Carolina Malpica Munguía

(1891-1977)

Community and education activist

Toda por la Patria y el Hogar

THEME

Education

THEME

Carolina Malpica Munguía believed that women were in a unique position to improve the lives of others. They bore a moral responsibility to maintain personal integrity in their relationships, and to uplift those who were less fortunate. She also believed that Mexicans and Mexican Americans could become accepted in American society, but could also take pride in their culture and heritage. 


Munguía was born in 1891 in Puebla, Puebla, to a wealthy hacendado family. She obtained her teacher’s certificate from the Instituto Normal Metodista in 1911. She was an accomplished educator, and became principal of the Methodist School in Orizaba, then at her own school, until both closed due to the political unrest of the Mexican Revolution. In 1916 she married José Rómulo Munguía Torres, and they had seven children. In 1926 the Munguías moved to San Antonio. Carolina initially taught special Spanish classes at the Wesleyan Institute, but eventually stopped teaching in order to devote herself to her family.


However, her work for the Westside was just beginning. She was the first Mexican woman on the radio in San Antonio. Around 1932 she started a radio program, "La Estrella," on KONO. In it she selected music, literature, and discussed the geography and culture of Mexico. In the 1930s she also helped establish and operate the family printing business, Munguía Printers, of which she was vice president. In 1937 she helped found the Círculo Social Feminino de México (later renamed Círculo Cultural Isabel la Católica)  a women's group dedicated to help el méxico de afuera (Mexicanos in the United States). With the slogan of “Toda por la Patria y el Hogar,” the organization worked to preserve Mexican culture against the threat of Americanization, and promoted an ideology of self help to working class Mexicanas on San Antonio’s Westside. The society’s statement of principle was “to procure the moral and intellectual improvement of women of modest means so as to benefit the community.” The Círculo raised money for charitable causes, organized cultural events and supported the community’s Fiestas Patrias.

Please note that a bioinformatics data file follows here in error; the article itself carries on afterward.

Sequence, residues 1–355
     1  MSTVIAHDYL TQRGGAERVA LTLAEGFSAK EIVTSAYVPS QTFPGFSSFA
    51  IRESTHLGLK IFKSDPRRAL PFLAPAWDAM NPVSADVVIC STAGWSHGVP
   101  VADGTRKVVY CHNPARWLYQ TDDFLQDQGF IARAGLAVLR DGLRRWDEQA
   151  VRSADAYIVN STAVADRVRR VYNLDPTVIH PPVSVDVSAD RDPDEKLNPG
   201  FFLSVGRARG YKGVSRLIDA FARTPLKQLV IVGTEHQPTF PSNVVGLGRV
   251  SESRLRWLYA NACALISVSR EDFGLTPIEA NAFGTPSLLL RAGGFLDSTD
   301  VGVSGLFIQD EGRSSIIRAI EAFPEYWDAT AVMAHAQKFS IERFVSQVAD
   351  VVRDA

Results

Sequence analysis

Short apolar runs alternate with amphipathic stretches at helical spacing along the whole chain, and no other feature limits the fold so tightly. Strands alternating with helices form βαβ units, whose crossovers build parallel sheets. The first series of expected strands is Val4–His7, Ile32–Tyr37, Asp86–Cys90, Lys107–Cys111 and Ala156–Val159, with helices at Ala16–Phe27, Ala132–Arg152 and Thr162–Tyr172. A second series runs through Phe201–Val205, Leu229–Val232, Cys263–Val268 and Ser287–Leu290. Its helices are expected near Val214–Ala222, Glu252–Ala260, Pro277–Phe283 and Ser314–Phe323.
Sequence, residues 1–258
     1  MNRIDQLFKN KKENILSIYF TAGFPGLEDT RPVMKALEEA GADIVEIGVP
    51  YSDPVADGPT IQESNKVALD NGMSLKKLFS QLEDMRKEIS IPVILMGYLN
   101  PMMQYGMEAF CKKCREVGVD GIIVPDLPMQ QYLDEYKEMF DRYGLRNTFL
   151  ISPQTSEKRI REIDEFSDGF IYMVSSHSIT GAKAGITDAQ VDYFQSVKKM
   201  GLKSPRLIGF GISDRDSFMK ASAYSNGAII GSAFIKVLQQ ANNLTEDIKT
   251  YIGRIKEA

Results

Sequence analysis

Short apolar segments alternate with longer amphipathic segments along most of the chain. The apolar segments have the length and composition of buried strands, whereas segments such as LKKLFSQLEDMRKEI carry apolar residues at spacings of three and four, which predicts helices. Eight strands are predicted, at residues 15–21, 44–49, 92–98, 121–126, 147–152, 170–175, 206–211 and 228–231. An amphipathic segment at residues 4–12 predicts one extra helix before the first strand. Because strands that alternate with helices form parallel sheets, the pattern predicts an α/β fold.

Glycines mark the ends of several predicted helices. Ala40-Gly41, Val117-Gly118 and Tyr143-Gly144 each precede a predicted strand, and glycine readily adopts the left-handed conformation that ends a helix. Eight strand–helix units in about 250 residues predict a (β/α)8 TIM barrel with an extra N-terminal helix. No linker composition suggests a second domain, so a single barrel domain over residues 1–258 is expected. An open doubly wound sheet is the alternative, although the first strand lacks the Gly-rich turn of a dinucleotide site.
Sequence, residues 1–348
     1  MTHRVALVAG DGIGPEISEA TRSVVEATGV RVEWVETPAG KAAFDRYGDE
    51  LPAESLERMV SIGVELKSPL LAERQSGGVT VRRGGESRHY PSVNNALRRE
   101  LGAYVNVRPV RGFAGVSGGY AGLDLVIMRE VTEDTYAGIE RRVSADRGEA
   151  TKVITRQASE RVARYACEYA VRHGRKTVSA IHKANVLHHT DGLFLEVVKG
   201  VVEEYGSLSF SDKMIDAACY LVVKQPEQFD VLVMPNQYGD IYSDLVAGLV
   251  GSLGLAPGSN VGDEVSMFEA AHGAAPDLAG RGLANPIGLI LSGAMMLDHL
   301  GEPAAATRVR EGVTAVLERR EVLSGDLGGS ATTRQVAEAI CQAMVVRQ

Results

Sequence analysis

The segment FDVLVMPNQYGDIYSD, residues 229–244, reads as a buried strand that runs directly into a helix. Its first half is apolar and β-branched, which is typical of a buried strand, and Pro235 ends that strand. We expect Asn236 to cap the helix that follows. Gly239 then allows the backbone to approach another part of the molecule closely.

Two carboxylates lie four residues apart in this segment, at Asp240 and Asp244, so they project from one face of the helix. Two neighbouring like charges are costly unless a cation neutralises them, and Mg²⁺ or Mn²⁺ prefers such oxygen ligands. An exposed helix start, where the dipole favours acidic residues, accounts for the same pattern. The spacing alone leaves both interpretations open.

In 1937 and 1938 Carolina Munguía also served as secretary and then president of the Crockett Latin American Parent-Teachers Association, an affiliate of the Spanish-speaking PTA formed to counter discrimination. During her presidency, the council provided extensive services and improvements to facilities, including opening a dining room, having showers installed, preparing lunches and medical assistance to needy students, and operating a sewing circle. They also coordinated with local businesses to provide additional services, for example working with the Mexican American Barbers Association to provide free haircuts. Carolina Munguía served as head of the Spanish Speaking Department of the Council in District 5 for the San Antonio PTA between 1940 and 1941. She also helped organize a PTA chapter at J.T. Brackenridge, and helped to exhibit the schoolwork of Spanish-speaking children from seven schools at the state PTA convention.


Around 1938 she began assisting the Asociación de la Biblioteca Mexicana, a Mexican Consulate project, and was also active in literacy work. Beginning in 1944 she worked with El Patronato, a group that supported the founding of the Universidad Autónoma de México in San Antonio. Although she lived the rest of her life in San Antonio, she never became a United States citizen. She died on May 25, 1977. Her grandson Henry Cisneros, became the first Mexican-American mayor of San Antonio.

"At 16, she graduated from high school at the Methodist Mission and became a school teacher immediately. She became an activist in the alfabetismo movement in rural literacy. She was a school principal at age 19."

— George Cisneros, grandson of Carolina Malpica Munguía

"Rómulo and Carolina began their printing shop in a small garage in 1932 at 2903 Saunders. By 1948, they had outgrown the two-room building and moved into the building at Buena Vista and Navidad. Known throughout the city as simply 'The SHOP,' Carolina and Rómulo created a business that became a center of emerging Mexican-American political campaigns and small businesses until it closed in 2012."

— George Cisneros, grandson of Carolina Malpica Munguía

 

"In late 1924, Rómulo fled Mexico after escaping prison where he was awaiting execution as a Communist and Unionist for his printing of anti-government materials. The family waited in Puebla until he had a safe haven and a job in San Antonio, TX. The photograph from early 1926 shows Carolina Munguía with her four children – Rafael, Ruben, Guillermo and Elvira – just prior to her entry into the US. She had cut their hair very short to avoid the humiliation of DDT dousing."

— George Cisneros, grandson of Carolina Malpica Munguía